See, I dislike that. I dislike it because it makes it seem like Peter's journey is the result of inevitable destiny. And it isn't, shouldn't be, and the story of his parents should have very little to do with anything else that happens in his life. There's a desire amongst humans to make patterns, to tie things into neat little bows, and to have things 'make sense, precisely because we're actually very good at seeing patterns -that aren't there-. We demand the world conform to our ideas of what should be a 'just world', and the idea that the world is none of these things, and there is no grand design or destiny, seems to terrify us because it means things we don't deserve can happen to us too. (See any debate on poverty ever where the discussion immediately seems to become about who 'deserves' help versus who the 'undeserving poor' are.)

    To me, Parker's story works best when his parents are as irrelevant to the story as they were in the first issue. The only role they played in his life was that 'something happened' to them, and I maintain that exploring that too deeply undermines their irrelevance, and the very notion of 'nature versus nurture' that exists in so many SPider-Man villains when they're compared to Spidey. I realize that it's an object of curiousity, but it conceptually weakens the characters to make his parents heroic or super scientists involved with Oscorp. It's human nature to want their to be a story there, and this is a medium about storytelling, but sometimes telling the story is the wrong decision because it actually hurts the story. There's just no need for it beyond wanting to tie that neat little bow on his life so it all 'makes sense' and that Peter was 'destined' to be Spider-Man.

    He shouldn't be, and it shouldn't be. It's just how things worked out.

  •  MovieBob Didn't Like It (0+ / 0-)

    Bob "MovieBob" Chipman's reviews normally go out on Fridays.  But this one went out on Tuesday.  I think he presents his opinion quite well:

    http://www.escapistmagazine.com/...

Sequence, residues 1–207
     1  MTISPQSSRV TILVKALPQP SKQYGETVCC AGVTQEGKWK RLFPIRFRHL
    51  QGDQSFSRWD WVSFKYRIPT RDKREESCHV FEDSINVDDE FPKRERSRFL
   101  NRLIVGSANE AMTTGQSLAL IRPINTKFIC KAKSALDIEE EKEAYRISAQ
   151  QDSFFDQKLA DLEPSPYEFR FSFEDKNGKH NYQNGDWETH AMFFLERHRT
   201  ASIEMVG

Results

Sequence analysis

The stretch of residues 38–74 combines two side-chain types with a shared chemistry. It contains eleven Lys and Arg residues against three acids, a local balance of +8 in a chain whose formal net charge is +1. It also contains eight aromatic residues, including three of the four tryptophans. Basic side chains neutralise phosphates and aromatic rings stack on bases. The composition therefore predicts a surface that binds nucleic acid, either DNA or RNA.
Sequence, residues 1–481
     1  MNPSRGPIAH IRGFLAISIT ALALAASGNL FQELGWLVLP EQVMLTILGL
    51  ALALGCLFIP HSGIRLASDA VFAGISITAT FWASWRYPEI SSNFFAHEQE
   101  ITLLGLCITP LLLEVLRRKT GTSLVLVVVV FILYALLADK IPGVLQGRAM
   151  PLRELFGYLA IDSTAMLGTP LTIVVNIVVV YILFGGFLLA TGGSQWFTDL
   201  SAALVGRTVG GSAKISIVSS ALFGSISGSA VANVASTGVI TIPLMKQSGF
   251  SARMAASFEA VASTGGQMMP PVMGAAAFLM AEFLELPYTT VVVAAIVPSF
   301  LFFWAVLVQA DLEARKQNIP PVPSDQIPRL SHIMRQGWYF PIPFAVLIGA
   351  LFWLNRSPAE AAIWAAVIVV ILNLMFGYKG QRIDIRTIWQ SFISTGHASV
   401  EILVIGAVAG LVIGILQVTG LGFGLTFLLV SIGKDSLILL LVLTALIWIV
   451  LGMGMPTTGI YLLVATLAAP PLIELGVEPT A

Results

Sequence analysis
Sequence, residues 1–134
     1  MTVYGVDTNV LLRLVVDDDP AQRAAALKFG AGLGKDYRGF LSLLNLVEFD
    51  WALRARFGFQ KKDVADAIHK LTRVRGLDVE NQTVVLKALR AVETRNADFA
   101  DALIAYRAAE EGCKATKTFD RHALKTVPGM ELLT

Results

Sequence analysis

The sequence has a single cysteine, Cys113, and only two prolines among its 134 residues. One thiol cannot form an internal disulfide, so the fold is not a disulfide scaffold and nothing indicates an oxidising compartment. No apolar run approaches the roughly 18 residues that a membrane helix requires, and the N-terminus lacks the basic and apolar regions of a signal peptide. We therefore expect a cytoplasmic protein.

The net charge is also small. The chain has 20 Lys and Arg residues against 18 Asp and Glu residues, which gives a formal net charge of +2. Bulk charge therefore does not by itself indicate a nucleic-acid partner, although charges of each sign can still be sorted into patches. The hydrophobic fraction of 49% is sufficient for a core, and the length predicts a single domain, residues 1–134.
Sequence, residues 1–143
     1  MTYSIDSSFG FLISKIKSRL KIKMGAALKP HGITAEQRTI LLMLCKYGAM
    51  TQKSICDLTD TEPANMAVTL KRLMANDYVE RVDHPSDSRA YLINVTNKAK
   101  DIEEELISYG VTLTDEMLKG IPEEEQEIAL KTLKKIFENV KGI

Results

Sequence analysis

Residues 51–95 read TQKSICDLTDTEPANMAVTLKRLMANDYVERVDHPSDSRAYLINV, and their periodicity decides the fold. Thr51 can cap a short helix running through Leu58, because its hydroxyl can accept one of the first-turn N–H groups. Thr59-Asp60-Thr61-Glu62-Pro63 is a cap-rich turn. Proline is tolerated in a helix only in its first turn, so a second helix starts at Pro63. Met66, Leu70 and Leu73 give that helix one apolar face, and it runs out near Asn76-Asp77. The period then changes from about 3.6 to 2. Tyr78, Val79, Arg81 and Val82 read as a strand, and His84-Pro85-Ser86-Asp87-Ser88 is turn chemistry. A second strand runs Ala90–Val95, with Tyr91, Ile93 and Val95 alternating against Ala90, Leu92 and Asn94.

•  Have to disagree with one thing in this review... (2+ / 0-)
    Recommended by:
    Alhambra, Doctor RJ
    and Andrew Garfield's take on Peter Parker is generally regarded as capturing the creative, teenage smart ass nature of the character a little better than Maguire.
    Maguire actually hit Peter Parker out of the park for me, capturing who Parker was in the beginning (from the first issue) -- a nebbish, a bookish and shy nerd.  Garfield's smugness and general smart-ass attitude missed the mark wide, I thought.

    Agree wholeheartedly with this:

    The end of spectacle in an age of casual magic
    : As I mentioned above, some of the visual effects sequences in this film are impressive. But none of them are quite jaw dropping or memorable. Over at The Dissolve, Matt Singer has a piece that wonders if audiences have become numb to CGI effects?
    I thought exactly that when I saw Man of Steel:  I can't be the only one who thinks the early sequences in the first Christopher Reeve movie still come off as spectacular, compared to MoS and Superman Returns as when I first saw them in the theater.  I did, however, find them pretty great in The Amazing Spiderman, particularly that last sequence before the end credits rolled, with that great iconic final shot.  Then again, that may be because we've never seen a Spiderman movie without CGI, so it's just a matter of doing it right and making it look as real as possible.

    Good review, though.  Kinda confirms what I suspected from the trailer -- one overstuffed package.

    When machines and computers, profit motives and property rights are considered more important than people, the giant triplets of racism, materialism, and militarism are incapable of being conquered -- MLK, Jr.

    by caul on Sun May 04, 2014 at 03:45:04 AM PDT

  •  Poor Electro (2+ / 0-)
    Recommended by:
    Gay CA Democrat, Doctor RJ

    At first I though he was going to be a Sandman character, that of the Bad Guy who's basically a Good Guy.